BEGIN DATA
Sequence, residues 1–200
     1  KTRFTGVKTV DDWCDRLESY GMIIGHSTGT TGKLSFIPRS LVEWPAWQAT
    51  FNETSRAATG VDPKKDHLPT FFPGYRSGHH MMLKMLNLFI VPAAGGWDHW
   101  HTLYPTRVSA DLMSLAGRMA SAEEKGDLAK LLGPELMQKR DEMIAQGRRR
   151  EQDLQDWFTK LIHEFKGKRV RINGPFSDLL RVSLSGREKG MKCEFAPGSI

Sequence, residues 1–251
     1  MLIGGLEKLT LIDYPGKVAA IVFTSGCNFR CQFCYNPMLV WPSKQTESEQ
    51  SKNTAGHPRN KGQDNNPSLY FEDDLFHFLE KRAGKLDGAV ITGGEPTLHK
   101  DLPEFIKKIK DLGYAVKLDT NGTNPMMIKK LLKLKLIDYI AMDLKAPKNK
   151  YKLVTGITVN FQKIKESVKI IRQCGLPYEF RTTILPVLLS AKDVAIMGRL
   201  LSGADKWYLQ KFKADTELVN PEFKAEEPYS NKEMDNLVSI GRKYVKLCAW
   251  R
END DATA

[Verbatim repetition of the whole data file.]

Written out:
Sequence, residues 1–200
     1  KTRFTGVKTV DDWCDRLESY GMIIGHSTGT TGKLSFIPRS LVEWPAWQAT
    51  FNETSRAATG VDPKKDHLPT FFPGYRSGHH MMLKMLNLFI VPAAGGWDHW
   101  HTLYPTRVSA DLMSLAGRMA SAEEKGDLAK LLGPELMQKR DEMIAQGRRR
   151  EQDLQDWFTK LIHEFKGKRV RINGPFSDLL RVSLSGREKG MKCEFAPGSI

Sequence, residues 1–251
     1  MLIGGLEKLT LIDYPGKVAA IVFTSGCNFR CQFCYNPMLV WPSKQTESEQ
    51  SKNTAGHPRN KGQDNNPSLY FEDDLFHFLE KRAGKLDGAV ITGGEPTLHK
   101  DLPEFIKKIK DLGYAVKLDT NGTNPMMIKK LLKLKLIDYI AMDLKAPKNK
   151  YKLVTGITVN FQKIKESVKI IRQCGLPYEF RTTILPVLLS AKDVAIMGRL
   201  LSGADKWYLQ KFKADTELVN PEFKAEEPYS NKEMDNLVSI GRKYVKLCAW
   251  R